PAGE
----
Analysis, Line-by-Line

Lines 1–4

My mistress’ eyes are nothing like the sun;

Coral is far more red than her lips’ red;

If snow be white, why then her breasts are dun;

If hairs be wires, black wires grow on her head.

The poetic persona opens ‘Sonnet 130’ with a scathing remark on his beloved’s eyes. They are “nothing like the sun”. As per Elizabethan tradition, such a comparison would have been almost expected. However, the poetic speaker continues to deride his beloved’s appearance by slashing any attempt to match her to things found in nature. If snow is white, her skin is not. Her breasts are rather “dun”, which is another word for grey-brown. Her hair is described as black wires.

Lines 5–8

I have seen roses damasked, red and white,

But no such roses see I in her cheeks;

And in some perfumes is there more delight

Than in the breath that from my mistress reeks.

The speaker’s beloved does not have a pleasant flush to her cheeks. He goes so far as to condemn the smell of her, and the sound of her voice. The idea behind the Elizabethan tradition of love poetry was to elevate one’s love to a near unachievable plane; to make a mortal woman read in such a manner that she became elevated to near goddess status. The poetic speaker, rather than elevating her, brings her further down to earth.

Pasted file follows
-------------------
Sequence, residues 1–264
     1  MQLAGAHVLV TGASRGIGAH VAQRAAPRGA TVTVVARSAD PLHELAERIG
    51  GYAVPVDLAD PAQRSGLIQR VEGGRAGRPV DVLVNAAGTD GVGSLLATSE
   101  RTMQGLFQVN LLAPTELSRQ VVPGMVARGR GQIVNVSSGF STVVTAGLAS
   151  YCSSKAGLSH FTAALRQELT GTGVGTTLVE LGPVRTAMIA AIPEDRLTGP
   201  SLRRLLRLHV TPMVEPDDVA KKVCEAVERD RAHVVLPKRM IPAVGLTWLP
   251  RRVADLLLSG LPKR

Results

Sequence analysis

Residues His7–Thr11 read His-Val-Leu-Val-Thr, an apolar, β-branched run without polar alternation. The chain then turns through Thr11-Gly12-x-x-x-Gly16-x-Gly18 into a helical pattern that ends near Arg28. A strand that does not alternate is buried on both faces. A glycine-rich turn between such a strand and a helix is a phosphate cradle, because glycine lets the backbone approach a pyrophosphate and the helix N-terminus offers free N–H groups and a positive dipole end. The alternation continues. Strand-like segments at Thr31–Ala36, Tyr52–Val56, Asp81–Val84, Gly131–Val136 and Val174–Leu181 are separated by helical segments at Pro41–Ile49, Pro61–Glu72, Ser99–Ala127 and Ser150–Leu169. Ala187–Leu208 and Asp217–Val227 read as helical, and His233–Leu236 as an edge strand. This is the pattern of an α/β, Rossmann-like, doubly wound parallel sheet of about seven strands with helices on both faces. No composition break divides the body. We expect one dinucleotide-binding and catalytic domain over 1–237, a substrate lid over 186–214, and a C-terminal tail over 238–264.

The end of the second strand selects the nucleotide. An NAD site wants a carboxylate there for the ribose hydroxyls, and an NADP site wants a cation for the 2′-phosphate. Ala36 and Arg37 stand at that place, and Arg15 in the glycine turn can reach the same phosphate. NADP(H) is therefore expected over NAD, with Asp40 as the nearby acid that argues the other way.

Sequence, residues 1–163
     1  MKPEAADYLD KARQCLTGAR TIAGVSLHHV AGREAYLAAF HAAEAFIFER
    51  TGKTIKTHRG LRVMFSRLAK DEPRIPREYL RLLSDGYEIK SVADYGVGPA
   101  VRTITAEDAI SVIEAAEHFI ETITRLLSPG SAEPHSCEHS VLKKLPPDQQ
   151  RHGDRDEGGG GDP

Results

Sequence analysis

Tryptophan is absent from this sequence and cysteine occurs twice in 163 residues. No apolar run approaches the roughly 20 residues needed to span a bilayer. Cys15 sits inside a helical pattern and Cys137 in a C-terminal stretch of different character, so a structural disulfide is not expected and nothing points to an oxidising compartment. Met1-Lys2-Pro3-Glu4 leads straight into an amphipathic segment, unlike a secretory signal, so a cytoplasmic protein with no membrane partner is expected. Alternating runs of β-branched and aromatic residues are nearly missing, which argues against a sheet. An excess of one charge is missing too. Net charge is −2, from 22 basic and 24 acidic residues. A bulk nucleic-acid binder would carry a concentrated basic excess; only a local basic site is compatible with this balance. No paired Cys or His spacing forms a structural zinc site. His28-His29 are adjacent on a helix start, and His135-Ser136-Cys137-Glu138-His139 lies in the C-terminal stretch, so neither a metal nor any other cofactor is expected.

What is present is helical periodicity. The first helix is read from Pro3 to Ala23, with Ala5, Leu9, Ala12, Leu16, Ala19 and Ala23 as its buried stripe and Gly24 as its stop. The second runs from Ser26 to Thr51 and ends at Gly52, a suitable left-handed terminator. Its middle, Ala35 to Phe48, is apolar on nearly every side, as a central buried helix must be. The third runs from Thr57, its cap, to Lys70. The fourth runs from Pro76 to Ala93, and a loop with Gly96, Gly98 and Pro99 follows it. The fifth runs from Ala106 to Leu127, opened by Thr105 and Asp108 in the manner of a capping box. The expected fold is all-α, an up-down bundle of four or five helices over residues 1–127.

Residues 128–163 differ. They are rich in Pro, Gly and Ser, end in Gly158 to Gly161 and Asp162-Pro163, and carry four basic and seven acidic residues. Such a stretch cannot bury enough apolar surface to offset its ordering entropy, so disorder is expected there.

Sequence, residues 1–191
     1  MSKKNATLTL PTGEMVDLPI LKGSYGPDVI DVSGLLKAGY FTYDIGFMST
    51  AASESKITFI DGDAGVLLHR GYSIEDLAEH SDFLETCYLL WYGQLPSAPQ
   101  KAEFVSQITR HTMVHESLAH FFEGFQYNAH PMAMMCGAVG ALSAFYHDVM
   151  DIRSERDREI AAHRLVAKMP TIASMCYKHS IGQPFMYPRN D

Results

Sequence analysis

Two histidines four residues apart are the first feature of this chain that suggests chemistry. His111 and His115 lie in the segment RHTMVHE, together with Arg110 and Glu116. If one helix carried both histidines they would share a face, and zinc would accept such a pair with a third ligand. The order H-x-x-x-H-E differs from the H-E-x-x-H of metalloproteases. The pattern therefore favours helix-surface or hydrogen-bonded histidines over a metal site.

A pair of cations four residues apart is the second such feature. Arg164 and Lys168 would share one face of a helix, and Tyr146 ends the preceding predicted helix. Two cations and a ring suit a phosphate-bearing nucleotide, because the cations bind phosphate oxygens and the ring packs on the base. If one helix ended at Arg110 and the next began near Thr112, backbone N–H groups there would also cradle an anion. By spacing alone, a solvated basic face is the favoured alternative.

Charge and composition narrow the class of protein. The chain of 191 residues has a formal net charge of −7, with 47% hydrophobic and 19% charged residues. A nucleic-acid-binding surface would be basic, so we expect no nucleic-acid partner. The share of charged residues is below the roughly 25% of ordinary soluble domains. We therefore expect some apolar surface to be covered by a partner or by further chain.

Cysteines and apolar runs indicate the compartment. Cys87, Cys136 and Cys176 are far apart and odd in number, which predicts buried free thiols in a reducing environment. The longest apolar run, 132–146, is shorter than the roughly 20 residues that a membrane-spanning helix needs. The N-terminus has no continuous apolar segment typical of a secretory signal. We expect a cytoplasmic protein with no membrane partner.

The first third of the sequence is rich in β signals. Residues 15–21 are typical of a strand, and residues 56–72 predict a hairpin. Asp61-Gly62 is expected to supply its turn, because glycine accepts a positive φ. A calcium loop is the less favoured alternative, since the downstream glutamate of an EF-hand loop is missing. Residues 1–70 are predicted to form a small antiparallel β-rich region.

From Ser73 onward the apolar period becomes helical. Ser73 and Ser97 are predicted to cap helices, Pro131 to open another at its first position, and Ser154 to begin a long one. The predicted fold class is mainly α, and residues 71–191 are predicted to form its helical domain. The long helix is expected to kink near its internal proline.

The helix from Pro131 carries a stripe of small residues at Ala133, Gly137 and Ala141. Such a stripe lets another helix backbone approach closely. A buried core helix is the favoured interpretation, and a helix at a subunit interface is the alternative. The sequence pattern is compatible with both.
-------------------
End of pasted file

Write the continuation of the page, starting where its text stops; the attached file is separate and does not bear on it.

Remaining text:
Lines 9–12

I love to hear her speak, yet well I know

That music hath a far more pleasing sound;

I grant I never saw a goddess go;

My mistress, when she walks, treads on the ground.

As he continues to write, he admits that he loves to listen to her voice when she speaks. Yet he knows that the sound of music is more soothing than her voice. Still, he adores her voice as it is. He has never seen a goddess go, but his mistress walks on the ground. That line, in particular, seems almost openly satirizing the tradition itself, as it is well known that many Elizabethan poets would compare their lovers to things that mortals could not achieve, leaving the realm of humans to enter the pantheon of the gods.

Lines 13–14

And yet, by heaven, I think my love as rare

As any she belied with false compare.

Despite her shortcomings, the poet insists that he loves her, not because she is a goddess, not because she is an unattainable beauty, but because she is his, and because she is real. He loves her for what the reality is, and not because he can compare her to beautiful things.